TAMPA — Lenny Pozner knew how cruel Internet trolls could be. That became clear to him after he lost his 6-year-old son, Noah, to the massacre at Sandy Hook Elementary in 2012, only to have strangers spread conspiracy theories claiming no children died.
But the death threats in mid January were personal. They came by voice mail, spilling into his ear while his two young daughters were nearby.
He remembers feeling chills. He had to stop listening.
"It was hard knowing this darkness is out there," he said.
Pozner's initials appeared this week in a federal grand jury indictment charging a Tampa woman, 57-year-old Lucy Richards, with making death threats against him through the phone and Internet. Court records don't identify Pozner, but he told the Tampa Bay Times he received the threats.
"(Y)ou gonna die, death is coming to you real soon," Richards said or wrote, according to the indictment. "LOOK BEHIND YOU IT IS DEATH."
A prosecutor called Richards a Sandy Hook "truther," a subscriber to a conspiracy theory that claims the massacre of 20 children and six adults at an elementary school in Newtown, Conn., didn't actually happen.
A number of conspiracy theorists, among them talk radio host Alex Jones, have suggested that the shootings were staged. The false stories have managed to gain traction through conspiracy-themed websites that peddle the theories as news.
Pozner and his family have had to endure not only the pain of their loss but an onslaught of attacks from so-called "truthers."
He said he thinks some people who believe the conspiracy theories are simply gullible, while others hate the government or are mentally ill. He tries to ignore them and instead thinks about Noah. "I get so much hate on a weekly basis," he said, "I couldn't focus to honor the memory of my son if I was getting upset about these things."
Some websites have used pictures of his son and have claimed that Noah didn't die or that he never existed.
Pozner started a website of his own — www.honr.com — to bring attention to the hoaxster phenomenon. The phone messages that were later linked to Richards are posted on You Tube.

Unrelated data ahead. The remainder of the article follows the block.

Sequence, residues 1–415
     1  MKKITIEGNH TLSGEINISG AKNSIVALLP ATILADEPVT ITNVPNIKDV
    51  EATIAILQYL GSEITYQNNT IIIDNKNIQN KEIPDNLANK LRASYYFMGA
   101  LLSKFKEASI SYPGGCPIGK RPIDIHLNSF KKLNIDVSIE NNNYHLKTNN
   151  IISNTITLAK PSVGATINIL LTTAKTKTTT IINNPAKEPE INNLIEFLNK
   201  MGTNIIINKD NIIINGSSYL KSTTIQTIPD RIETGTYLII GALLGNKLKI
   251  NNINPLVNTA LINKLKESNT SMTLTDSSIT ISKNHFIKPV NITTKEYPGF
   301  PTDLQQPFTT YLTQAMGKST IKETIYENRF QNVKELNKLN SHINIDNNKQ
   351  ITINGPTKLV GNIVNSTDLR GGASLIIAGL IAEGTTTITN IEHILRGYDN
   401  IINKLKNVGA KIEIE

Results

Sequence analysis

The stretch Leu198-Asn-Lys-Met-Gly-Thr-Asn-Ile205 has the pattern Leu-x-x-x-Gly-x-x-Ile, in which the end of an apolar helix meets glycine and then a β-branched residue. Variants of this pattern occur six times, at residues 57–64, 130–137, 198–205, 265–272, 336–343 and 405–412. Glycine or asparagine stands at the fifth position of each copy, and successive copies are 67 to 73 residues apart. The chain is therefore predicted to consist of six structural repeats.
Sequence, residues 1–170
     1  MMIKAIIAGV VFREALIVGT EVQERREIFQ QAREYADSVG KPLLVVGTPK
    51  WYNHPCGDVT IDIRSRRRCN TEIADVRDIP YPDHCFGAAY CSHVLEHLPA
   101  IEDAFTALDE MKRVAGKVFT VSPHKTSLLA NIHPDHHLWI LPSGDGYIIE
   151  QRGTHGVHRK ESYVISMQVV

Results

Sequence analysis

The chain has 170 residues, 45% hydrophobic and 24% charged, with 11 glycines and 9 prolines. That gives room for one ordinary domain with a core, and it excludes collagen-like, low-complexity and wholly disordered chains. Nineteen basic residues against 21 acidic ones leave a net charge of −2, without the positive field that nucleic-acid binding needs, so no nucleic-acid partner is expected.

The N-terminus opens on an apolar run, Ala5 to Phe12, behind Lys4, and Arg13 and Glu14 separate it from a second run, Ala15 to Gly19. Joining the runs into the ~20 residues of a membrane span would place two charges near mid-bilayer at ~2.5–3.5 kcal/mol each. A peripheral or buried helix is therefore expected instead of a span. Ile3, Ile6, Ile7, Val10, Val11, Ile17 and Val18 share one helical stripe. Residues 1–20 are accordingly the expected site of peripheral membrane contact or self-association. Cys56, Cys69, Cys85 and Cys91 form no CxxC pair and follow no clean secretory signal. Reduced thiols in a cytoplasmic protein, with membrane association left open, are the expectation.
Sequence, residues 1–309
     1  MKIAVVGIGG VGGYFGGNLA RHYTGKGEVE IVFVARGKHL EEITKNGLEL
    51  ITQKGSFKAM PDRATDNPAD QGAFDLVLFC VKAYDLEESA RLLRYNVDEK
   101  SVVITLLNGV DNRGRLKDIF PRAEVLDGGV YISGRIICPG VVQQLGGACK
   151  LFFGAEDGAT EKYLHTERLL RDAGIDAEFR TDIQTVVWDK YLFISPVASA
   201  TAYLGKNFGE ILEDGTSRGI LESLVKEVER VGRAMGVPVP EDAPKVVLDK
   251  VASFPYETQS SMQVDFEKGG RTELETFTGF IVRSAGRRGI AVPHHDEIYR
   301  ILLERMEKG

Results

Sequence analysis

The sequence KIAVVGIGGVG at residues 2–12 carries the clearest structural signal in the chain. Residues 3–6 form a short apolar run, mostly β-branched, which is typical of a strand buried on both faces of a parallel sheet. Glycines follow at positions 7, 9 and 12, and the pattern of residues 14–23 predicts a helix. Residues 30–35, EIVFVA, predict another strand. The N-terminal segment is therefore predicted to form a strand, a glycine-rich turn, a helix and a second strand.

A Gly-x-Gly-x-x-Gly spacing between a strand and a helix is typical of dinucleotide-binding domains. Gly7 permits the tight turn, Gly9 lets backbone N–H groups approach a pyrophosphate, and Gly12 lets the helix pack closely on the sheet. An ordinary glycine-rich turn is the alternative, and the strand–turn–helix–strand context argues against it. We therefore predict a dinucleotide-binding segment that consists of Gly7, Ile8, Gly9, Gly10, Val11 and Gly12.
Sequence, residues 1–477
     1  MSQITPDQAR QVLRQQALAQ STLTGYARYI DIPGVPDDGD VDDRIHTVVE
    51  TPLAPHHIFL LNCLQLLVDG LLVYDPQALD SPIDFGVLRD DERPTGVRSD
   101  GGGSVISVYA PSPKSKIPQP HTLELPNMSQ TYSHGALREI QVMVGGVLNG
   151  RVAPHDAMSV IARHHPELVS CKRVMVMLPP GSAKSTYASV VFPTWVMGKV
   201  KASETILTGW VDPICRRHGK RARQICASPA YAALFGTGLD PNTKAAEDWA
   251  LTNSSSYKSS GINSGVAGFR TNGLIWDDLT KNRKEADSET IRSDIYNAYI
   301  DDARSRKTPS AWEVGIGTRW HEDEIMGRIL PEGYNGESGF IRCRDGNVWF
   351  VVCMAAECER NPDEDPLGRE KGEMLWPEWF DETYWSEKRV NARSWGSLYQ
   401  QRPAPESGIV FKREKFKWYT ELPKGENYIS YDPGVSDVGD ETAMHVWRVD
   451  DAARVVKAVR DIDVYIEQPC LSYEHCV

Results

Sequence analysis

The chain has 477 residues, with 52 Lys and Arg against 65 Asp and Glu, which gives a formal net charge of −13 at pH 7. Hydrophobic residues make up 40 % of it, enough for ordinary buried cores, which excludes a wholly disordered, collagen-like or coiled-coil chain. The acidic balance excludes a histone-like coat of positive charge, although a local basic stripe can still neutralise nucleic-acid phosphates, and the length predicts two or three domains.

The recordings contain ethnic slurs and obscenities in addition to death threats.
Richards faces four federal counts of sending threats over the phone and Internet, each punishable by up to five years in prison.
The case against her originated in South Florida, but she was arrested Monday in Tampa, where she appeared in U.S. District Court before U.S. Magistrate Judge Mark Pizzo, who released her on a $25,000 signature bond. He concluded that she is unlikely to be a flight risk, given that she claims to have agoraphobia and uses a walker.
He called the alleged conduct "particularly disturbing."
"If I find that you pick up the phone and call somebody making a threat," the judge warned, "whatever your belief system is, you'll be in violation of the conditions of your release."
Richards, who rents a room from a Brandon woman, did not respond to an interview request.
She is under orders to appear in federal court in Fort Lauderdale on Dec. 19. The case, investigated by the FBI, is being prosecuted by the U.S. Attorney's Office for the Southern District of Florida.
Richards' only prior criminal history in Florida was a petty theft arrest in 1997.
Her mother, who lives in northern Hillsborough County, told the Times she has not seen her daughter in years. A sister, Mary Richards of New York City, said she was shocked to learn of the criminal charges. The last time she spoke with Lucy Richards was after their father died in 2011, she said. Before Wednesday, Mary Richards said, she wasn't sure her sister was still alive.
Lucy Richards struggled with mental illness, the sister said.
"You so much as say one thing to her, yeah, I think she could hurt you," she said.
Richards grew up in New York but moved to Hillsborough County in the early 1990s. Her family settled into a home on Gregory Drive northwest of the University of South Florida. Most neighbors couldn't recall seeing Lucy Richards around much.
On Wednesday, heavy drapes with tattered linings were drawn shut in the main window, which was covered with iron bars.
Richards' arrest Monday marked the second time in two days that a follower of online conspiracies had been accused of acting illegally on the basis of fake reports. A day earlier, a man in Washington, D.C., fired a rifle inside a pizza restaurant based on false stories that the restaurant was tied to a child abuse ring.
Times staff writer Anastasia Dawson contributed to this report.